In 2021 the Uk government wanted all universities to fullly reopen on campus services, however they had got very used to working in a hybrid way. Thee were more face to face activities complemented with the use of technology based learning. The new challenge is how to make AI work for the library. There is a significant role for librarians in helping students think critically about the way that AI works and what it can be used for. Students are enjoying immersive learning environments.
The UK's Office for Students has now published a blended learning review in June 2022 which defines how blended learning should be used in universities. Blended learning involves learning that combines in person delivery with digital delivery of teaching. It’s important to reflect on the right tools for blended learning. Library spaces need to accommodate the listening of online lectures, e.g. a little booth for online learning, but it’s really tricky to adapt the library building in this way. It’s important to communicate the reasons for the adoption of a particular learning approach to students, and the library needs to be part of this. It’s important to consider equality and diversity, and provide assistive technology for the students who need it.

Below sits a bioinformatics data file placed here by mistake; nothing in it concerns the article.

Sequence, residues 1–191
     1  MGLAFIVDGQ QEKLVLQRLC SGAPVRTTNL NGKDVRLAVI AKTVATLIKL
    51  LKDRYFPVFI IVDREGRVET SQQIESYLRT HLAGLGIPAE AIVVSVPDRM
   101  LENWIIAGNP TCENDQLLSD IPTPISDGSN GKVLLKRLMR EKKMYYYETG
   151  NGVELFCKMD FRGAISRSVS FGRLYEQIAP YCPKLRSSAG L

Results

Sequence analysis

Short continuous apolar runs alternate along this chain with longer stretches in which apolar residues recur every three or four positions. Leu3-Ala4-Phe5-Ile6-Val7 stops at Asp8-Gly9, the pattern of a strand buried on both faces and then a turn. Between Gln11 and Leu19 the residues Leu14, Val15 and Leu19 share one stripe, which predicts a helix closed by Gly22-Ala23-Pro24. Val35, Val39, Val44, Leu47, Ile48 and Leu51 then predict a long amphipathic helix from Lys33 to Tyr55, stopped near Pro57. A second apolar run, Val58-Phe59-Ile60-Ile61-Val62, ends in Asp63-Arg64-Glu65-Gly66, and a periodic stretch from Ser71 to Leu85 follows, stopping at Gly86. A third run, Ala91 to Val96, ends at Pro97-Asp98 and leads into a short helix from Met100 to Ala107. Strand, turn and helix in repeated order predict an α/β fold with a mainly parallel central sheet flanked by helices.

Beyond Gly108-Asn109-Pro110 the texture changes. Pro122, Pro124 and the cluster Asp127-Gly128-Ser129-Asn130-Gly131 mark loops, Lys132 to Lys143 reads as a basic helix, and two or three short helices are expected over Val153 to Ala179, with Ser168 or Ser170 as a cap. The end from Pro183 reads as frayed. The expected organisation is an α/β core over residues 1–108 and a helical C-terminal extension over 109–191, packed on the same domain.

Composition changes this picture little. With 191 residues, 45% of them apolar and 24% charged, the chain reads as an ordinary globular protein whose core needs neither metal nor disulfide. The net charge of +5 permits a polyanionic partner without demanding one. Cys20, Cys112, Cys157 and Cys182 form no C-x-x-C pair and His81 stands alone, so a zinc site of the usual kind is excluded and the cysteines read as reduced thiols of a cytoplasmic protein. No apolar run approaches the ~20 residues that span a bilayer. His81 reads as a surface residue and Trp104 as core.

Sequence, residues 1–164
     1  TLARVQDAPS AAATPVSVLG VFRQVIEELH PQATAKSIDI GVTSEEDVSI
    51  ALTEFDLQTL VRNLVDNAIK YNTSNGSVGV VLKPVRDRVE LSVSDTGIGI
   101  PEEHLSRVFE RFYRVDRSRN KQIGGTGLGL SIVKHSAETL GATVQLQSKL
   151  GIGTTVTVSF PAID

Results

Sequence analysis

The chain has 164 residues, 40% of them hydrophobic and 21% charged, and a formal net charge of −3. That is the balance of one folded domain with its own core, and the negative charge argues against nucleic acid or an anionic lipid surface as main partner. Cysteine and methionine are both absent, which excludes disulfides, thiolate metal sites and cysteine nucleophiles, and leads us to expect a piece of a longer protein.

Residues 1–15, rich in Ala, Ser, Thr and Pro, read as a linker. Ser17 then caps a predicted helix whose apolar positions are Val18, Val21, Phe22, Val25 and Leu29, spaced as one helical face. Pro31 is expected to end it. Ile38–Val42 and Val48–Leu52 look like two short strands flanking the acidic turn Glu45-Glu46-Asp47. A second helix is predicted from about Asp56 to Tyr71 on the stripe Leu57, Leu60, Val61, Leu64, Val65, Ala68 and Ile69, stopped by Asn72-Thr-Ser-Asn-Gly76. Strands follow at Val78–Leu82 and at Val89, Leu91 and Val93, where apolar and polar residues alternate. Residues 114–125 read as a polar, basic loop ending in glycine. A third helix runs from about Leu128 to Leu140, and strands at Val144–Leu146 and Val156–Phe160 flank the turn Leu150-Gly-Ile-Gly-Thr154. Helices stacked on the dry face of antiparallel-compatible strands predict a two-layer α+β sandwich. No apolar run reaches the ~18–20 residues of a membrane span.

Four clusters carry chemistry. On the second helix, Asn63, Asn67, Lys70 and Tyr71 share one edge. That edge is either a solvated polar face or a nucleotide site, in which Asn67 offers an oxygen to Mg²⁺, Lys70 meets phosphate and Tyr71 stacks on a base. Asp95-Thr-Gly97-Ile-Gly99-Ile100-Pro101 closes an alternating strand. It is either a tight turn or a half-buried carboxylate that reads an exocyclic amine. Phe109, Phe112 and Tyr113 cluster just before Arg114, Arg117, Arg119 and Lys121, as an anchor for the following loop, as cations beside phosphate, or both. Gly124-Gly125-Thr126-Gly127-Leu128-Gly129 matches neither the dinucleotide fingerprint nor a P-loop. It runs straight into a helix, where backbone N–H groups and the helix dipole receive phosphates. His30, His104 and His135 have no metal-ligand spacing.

Academic staff need to be confident in their digital literacy so they can model appropriate use of technology for students. Engagement is important, but many students engage with the library online. It is important to monitor student’s engagement with online library resources to contribute to a picture of student engagement as a whole. The office for students wants universities to have a clear rationale for the use of any technology, and to communicate this to students. Students should have a high quality academic experience, with appropriate resources, support and student engagement. Resources should be up to date, and staff need to be qualified to deliver services and support. Under consumer law, what universities say they will deliver on their website must be the reality. Libraries can support compliance with these new conditions, but could also be a reason why institutions are not compliant.